If you’ve been on the studyspo side of the Internet, you’ve probably heard of Notion. Notion is an all-in-one digital organizing tool that has rightfully taken over the Internet in a few short months, and in this post, I’ll teach you everything you need to know to get started with the app.
This post will be the first in a series of three, with the second and third posts coming in the next two weeks to give you all the details on how to use Notion to organize your life.
But for now, let’s start with the basics. If you’re ready to take the first step in organizing your entire life with Notion, let’s get into the post!
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What is Notion?
Notion is a website and app that allows you to create a very large, completely customized, and organized database of whatever you’d like to include.
You can take notes, add tasks, manage long-term projects, collaborate with teams, and much more. It has a free plan for personal use and a free pro plan for students, and they are completely enough for most people to organize everything they need.
How do I get started?
Simply go to notion.so and click Sign Up in the upper right corner. Signing up will ensure that your pages and workspace are saved so that in case of any technical glitch, your data won’t be lost.
Once you’re signed up, go to Download and choose the option you need. In my opinion, the desktop app works best due to the size and flexibility of the computer in comparison to a mobile phone, so I suggest going to Mac & Windows.
After your app is downloaded, just sign in again and you’re ready to get started.
Pages You Need
Though there is no page that you absolutely need, there are a few that are common amongst student Notion users and incredibly helpful to have.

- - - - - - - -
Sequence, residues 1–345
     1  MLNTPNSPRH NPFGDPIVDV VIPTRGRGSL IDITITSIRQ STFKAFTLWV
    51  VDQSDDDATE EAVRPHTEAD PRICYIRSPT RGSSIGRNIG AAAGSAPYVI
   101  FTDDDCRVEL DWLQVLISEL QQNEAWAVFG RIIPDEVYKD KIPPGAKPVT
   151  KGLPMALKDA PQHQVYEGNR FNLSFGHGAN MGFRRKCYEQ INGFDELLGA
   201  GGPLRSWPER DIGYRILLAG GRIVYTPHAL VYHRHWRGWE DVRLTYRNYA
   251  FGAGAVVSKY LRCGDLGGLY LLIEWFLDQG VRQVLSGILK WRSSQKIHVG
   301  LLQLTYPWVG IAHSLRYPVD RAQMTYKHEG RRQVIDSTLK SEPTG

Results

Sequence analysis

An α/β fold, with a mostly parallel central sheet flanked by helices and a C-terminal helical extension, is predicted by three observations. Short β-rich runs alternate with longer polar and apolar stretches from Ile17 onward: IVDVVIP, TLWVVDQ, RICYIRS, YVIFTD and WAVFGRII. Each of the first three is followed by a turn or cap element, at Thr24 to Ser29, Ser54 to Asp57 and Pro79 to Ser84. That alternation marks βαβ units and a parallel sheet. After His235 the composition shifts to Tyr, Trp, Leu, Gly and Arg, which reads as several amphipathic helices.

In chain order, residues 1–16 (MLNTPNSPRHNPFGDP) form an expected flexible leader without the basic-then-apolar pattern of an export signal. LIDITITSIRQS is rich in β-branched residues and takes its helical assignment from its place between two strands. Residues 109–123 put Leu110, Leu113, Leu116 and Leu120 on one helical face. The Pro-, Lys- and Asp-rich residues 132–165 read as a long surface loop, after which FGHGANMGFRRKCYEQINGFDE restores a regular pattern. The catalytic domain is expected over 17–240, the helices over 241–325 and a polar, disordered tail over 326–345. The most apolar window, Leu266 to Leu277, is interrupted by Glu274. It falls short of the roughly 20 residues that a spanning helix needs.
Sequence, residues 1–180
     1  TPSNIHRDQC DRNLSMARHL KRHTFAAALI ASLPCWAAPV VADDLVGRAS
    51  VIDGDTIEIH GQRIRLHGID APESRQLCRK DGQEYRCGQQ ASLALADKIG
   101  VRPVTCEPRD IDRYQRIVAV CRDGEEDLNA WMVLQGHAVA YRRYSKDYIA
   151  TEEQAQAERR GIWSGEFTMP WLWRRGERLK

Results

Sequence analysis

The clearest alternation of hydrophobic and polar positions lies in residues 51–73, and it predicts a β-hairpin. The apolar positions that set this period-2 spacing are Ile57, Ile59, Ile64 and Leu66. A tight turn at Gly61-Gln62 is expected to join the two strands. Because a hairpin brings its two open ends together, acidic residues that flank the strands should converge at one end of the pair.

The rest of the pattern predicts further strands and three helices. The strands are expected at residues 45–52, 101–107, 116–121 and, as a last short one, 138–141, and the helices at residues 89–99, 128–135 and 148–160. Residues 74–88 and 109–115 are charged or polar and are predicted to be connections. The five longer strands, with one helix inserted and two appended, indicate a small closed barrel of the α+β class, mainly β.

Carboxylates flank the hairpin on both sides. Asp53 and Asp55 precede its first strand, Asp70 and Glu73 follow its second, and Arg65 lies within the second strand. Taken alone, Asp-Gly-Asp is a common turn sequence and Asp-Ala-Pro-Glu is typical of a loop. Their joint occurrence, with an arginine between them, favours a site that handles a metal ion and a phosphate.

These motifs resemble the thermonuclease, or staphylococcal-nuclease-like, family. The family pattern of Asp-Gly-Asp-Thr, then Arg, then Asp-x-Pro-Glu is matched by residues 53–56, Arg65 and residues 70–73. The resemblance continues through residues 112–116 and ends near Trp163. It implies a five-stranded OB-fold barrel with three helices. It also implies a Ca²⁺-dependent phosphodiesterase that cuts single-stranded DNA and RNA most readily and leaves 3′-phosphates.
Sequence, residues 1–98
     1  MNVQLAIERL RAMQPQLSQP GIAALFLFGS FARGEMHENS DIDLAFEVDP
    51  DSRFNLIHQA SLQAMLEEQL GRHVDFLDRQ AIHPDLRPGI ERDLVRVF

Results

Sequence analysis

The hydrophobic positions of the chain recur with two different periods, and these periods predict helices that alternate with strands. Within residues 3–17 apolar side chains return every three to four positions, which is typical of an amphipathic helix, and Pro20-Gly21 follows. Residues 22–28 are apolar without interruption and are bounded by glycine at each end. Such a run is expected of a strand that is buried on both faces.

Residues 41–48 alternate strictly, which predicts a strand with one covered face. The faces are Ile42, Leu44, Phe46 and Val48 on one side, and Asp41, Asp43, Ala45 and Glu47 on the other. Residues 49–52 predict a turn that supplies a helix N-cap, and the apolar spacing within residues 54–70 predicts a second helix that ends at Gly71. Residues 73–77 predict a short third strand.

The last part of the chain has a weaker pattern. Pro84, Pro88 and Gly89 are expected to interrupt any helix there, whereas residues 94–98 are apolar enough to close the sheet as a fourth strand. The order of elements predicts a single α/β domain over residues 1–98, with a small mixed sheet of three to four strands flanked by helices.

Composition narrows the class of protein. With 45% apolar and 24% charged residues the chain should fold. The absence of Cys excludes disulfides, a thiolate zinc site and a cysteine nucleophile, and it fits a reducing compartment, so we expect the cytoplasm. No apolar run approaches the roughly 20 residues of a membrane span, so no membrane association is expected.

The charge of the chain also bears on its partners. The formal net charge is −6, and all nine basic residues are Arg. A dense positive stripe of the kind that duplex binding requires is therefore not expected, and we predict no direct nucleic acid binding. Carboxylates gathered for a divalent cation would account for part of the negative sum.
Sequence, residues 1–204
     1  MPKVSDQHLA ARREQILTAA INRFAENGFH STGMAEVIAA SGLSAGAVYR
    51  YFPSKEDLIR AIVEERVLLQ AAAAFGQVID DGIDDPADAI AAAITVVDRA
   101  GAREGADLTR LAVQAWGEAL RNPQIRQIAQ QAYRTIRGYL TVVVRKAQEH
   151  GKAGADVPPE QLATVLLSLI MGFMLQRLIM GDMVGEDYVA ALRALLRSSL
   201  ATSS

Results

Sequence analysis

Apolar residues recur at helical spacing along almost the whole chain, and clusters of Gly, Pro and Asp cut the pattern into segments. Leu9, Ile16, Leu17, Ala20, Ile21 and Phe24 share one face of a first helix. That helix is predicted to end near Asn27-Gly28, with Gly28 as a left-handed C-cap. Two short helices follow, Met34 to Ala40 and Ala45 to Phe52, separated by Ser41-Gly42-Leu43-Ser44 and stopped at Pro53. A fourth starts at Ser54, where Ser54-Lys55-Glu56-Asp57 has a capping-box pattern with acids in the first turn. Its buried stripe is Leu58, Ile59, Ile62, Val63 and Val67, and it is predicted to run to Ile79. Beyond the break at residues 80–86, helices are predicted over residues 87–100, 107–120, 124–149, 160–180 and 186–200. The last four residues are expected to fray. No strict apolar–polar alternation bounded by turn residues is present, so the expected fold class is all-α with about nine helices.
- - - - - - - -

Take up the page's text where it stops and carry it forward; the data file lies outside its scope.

This page is just like it sounds: a home base for all other pages and links. It usually also includes important links or information, such as an urgent to-do list and a monthly calendar.
In later posts of this series, I’ll reveal my own Notion setup (plus a template!), including my Home page. There is no right way to set up Notion, so feel free to play around with it!
You can try adding new pages and different databases, customizing fonts and colors, adding images, etc. I will be reviewing these in detail soon in this post, but for now, simply create the next page by typing a slash symbol and selecting Page.
Once you’ve got a few important pages created, you can start organizing them on the Home page and making it pretty!
This is where I, as a student Notion user, reference the most, because it contains my daily to-do list and habit trackers. Though it’s super short and sweet, it’s a highly practical page that helps me go about my day productively.
You can create sections on your page for each day of the week, title it with the day, then create a task list under each day. You can also track upcoming events in this way, noting each event under the corresponding day.
You can choose how extensive you want Notion to be in organizing your academic life. Some students do everything in Notion, including taking notes and saving resources for projects. Others just keep the very basics, such as a table for their schedule (and Zoom links).
Here are a few ideas for what you could include on this page:
- A table to organize your schedule, Zoom links, teachers, syllabi, etc
- A page for each class, including sections for semesters, units…
- A table to organize potential scholarships